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Daddy, why don't you have to wear a shirt?

Hollywood, FL
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Daddy, why don't you have to wear a shirt?

So my 3yr old daughter asked my why I’m “nakie with your belly and private parts out.” Meaning I was wearing only shorts but no shirt, and my “private parts” we’re my pecks (that’s right; no man boobs here!). My reply of saying that boys don’t have to wear shirts did not sound like an adequate answer to me, and quite frankly, kind of unfair from her perspective. Can you tell a 3 yr old that girls have breasts (or will one day) and have to keep them covered up, while their male counterparts can run around all day shirtless? What would you say to your daughter? Nudists need not reply…

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  1. Having two young boys, you’re on your own with that one. All my boys want to talk about is potty words, guess I have it easy. I do have a question. A friend shared last night how his wife just became pregnant with their first one on the way. I was reluctant to inform him how having children changes everything. I must have heard this expression a million times when we had our first one on the way. I had no idea what it meant, so I was uncertain to pass along this bit of information?

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    1. Haha, potty words… My daughter names her poops! For your question, honestly, I never know the best answer for that. We had a particularly “sleepless” first year but some experiences are pure bliss for others… I tell people the truth; I had a motorcycle and a boat, and now I have neither. It was purely my choice (maybe not the motorcycle) to sell them because after working all week, I really felt terrible and guilty if I went fishing on the weekend while I should be at home with my baby. Now that she is older, we go out on a canoe and plan to get more of a family boat in the future. I say this: life is going to change, but life isn’t about you anymore, it’s about your family. It’s different, but I wouldn’t change it for anything. Plus, most of that change is when the kids are young. Once they grow up you can enjoy all of tho activities again. Do you take your boys fishing or anything other than the park/playground?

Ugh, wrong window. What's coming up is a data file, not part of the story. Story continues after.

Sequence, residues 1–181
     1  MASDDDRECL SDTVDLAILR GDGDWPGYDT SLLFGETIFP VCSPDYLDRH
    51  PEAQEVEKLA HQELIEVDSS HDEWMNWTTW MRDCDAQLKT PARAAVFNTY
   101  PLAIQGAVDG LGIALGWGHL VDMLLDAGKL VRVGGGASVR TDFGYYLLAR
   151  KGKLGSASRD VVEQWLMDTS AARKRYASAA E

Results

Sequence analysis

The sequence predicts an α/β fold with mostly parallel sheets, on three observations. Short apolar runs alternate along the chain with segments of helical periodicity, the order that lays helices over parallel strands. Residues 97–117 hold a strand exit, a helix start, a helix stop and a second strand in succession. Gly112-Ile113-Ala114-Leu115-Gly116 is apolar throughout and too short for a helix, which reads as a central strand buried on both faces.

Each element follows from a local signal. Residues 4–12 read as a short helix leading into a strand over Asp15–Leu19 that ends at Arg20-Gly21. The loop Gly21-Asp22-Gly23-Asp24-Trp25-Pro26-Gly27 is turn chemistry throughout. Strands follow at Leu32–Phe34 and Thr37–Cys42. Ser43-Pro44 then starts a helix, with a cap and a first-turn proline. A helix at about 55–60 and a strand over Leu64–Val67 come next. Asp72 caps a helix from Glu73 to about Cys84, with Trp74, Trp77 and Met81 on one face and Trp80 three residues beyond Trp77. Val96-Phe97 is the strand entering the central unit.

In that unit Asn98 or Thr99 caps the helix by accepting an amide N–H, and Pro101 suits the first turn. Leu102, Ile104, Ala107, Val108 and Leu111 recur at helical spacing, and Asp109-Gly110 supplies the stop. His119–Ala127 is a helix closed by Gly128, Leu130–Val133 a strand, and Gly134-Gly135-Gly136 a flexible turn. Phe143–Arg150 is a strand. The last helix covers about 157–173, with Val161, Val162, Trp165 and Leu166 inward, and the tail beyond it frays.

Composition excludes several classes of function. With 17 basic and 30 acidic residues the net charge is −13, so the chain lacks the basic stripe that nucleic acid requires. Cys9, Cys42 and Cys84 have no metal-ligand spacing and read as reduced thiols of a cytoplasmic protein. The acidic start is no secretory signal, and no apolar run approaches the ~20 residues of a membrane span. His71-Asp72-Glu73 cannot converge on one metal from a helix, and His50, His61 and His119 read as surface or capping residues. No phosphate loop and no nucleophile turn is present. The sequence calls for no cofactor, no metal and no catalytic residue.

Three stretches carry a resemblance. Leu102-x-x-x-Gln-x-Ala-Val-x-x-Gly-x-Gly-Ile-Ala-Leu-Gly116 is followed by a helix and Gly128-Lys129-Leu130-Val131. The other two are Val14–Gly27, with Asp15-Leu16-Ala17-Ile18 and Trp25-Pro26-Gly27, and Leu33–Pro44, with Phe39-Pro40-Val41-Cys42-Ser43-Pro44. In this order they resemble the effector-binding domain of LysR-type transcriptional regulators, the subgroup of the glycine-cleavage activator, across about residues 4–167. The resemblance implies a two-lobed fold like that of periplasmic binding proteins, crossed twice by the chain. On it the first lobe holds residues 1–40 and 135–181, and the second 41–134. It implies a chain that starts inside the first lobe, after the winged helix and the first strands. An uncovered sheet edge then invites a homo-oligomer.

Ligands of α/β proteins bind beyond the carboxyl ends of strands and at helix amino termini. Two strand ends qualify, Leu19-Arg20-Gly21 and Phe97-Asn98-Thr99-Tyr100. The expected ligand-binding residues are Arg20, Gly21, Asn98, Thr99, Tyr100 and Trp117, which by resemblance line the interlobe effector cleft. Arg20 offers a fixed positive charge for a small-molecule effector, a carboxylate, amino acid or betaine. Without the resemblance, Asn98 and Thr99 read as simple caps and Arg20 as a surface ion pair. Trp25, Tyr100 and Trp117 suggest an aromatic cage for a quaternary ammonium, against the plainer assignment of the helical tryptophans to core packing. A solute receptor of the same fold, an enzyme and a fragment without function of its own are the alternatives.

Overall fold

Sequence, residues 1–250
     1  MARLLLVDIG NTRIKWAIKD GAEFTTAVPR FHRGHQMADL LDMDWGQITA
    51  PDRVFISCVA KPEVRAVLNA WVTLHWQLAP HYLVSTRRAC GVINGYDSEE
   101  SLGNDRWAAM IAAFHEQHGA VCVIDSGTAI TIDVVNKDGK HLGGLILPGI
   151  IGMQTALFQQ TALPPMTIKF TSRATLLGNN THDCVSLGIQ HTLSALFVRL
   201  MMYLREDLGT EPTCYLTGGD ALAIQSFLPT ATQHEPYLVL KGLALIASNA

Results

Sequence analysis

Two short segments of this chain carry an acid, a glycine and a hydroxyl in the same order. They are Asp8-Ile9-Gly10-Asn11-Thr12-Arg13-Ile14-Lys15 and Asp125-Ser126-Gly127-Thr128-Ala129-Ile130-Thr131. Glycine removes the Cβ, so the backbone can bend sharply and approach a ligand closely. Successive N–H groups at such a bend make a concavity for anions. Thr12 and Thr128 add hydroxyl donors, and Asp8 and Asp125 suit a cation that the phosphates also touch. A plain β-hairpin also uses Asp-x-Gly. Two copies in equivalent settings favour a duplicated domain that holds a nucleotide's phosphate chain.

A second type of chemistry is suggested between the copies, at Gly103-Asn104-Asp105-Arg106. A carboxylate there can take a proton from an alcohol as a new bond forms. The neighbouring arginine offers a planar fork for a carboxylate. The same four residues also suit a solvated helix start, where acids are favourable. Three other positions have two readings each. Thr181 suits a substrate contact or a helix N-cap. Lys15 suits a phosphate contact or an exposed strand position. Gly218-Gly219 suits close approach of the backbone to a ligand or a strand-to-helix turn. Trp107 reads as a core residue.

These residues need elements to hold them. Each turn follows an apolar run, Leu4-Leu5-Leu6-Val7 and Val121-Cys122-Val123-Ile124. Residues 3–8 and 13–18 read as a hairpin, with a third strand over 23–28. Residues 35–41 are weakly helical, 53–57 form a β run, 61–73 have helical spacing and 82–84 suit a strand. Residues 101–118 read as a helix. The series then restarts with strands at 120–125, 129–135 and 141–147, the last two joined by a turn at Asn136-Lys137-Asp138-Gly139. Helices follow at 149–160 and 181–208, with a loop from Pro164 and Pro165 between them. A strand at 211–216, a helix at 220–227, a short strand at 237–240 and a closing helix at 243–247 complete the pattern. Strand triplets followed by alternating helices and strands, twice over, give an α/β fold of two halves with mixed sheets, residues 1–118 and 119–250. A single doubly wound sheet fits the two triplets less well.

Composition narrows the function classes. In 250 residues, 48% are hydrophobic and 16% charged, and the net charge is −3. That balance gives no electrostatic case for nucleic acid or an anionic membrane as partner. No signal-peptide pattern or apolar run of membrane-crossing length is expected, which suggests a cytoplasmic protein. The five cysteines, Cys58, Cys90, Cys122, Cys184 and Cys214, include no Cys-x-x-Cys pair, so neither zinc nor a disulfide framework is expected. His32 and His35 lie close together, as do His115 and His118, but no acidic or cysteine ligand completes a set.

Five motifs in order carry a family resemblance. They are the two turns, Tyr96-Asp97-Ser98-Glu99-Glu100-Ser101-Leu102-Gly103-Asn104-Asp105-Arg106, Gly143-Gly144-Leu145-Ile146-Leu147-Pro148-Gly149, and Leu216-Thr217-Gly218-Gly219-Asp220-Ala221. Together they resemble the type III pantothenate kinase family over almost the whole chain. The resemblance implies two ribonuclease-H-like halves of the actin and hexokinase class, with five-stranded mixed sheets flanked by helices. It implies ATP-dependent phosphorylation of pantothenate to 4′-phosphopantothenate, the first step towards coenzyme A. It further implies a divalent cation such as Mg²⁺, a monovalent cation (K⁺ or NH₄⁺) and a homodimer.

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    2. You make some valid points, Brad. Tough truth how life no longer centers around us and our needs. At the same time, certainly a beneficial and rewarding sacrifice we make to put our families first. Helps us mature and grow when we consider another above ourselves. You also hit on one issue numerous fathers struggle with: guilt. Part of fatherhood is navigating this emotion. Always wondering whether we have done enough with our children. Just like yourself, I never want to regret not having spent enough time with my kids. To answer your question, no not fishing yet. They love to swim and visit the science museum. They do love to spend time in my brother’s ski boat around the lakes in Winter Park, FL.

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